Your browser is no longer supported

For the best possible experience using our website we recommend you upgrade to a newer version or another browser.

Your browser appears to have cookies disabled. For the best experience of this website, please enable cookies in your browser

We'll assume we have your consent to use cookies, for example so you won't need to log in each time you visit our site.
Learn more

Ministers unveil indicator list

  • Comment

Ministers have published a draft list of data sets government departments will require councils to collect from April 2011, amidst concerns of increased burdens being placed on councils.

The list, which you can see here, “will provide in one place a single, clear list of the minimum data central government needs from local authorities” and be open to review.

It includes some 147 indicators from DCLG, Department of Health, the Department for Education and others, of which 15 are classed as new.  

The raft of new policies has contributed to the new indicators required with plans for data collections on community budgets, neighbourhood plans, new mutuals and co-operatives all on the list.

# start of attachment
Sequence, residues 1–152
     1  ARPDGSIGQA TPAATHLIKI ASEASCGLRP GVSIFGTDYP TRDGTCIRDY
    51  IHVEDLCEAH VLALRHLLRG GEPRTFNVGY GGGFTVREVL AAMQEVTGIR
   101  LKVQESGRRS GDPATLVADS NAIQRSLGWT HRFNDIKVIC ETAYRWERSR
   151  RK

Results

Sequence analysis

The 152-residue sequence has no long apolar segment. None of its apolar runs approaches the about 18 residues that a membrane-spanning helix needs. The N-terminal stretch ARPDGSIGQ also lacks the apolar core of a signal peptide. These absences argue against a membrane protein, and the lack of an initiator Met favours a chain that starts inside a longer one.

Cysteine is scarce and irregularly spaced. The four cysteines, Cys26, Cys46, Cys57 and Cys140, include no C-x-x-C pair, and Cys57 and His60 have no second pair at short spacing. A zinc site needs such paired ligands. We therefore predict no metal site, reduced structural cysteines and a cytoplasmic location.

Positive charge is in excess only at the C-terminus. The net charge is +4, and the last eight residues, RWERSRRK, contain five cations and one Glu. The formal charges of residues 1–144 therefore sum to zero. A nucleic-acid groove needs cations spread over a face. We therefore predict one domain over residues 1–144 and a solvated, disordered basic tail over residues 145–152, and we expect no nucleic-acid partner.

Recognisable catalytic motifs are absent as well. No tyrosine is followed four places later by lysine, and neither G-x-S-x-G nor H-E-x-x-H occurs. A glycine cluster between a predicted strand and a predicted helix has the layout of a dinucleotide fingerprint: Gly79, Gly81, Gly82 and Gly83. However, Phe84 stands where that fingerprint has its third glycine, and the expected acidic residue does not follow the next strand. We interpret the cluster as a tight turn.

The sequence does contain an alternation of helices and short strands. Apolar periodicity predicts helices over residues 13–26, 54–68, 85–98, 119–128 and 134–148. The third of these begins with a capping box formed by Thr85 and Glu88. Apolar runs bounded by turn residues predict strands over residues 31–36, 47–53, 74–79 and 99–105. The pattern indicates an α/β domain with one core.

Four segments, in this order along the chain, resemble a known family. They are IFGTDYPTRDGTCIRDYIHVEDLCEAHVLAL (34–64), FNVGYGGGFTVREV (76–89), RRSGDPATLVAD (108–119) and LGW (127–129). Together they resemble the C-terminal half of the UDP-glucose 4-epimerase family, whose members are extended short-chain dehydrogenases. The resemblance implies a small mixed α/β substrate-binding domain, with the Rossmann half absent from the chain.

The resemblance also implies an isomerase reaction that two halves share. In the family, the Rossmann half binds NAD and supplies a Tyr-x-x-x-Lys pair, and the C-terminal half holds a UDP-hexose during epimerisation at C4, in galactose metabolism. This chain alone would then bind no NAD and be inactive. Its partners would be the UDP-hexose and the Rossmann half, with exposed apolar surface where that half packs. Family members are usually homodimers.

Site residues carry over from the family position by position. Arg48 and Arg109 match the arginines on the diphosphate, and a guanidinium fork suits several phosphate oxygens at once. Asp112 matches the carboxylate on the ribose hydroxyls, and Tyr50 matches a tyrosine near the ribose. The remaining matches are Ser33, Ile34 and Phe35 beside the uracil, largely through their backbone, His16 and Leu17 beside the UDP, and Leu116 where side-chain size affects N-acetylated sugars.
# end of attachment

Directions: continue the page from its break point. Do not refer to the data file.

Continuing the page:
Other new indicators could include one for special educational needs, following an imminent green paper, and new information on safeguarding.   

The Department for Communities & Local Government said more detail on other central departments’ collections would be published on 22 December

The list follows the Local Government Association raising concerns that councils could be forced to collect data for more than 20 new indicators, including core measures of the government’s Big Society agenda.

The fears were raised after the LGA completed an analysis of the data requirements contained in each Whitehall department’s business plans which found a potential 24 new indicators that could require data to be provided by councils.

Juliet Whitworth, a function lead in the LGA’s analysis and research team, said at the time that the compilation criteria for many of the indicators were vague and that her “long list” “looked a lot worse than hopefully it is”.

The research followed LGA chairman Baroness Margaret Eaton (Con) writing to communities secretary Eric Pickles claiming that asking each department to come up with a set of outcome and productivity measures risked “reversing the good progress that has already been made”.

  • Comment

Have your say

You must sign in to make a comment

Please remember that the submission of any material is governed by our Terms and Conditions and by submitting material you confirm your agreement to these Terms and Conditions.

Links may be included in your comments but HTML is not permitted.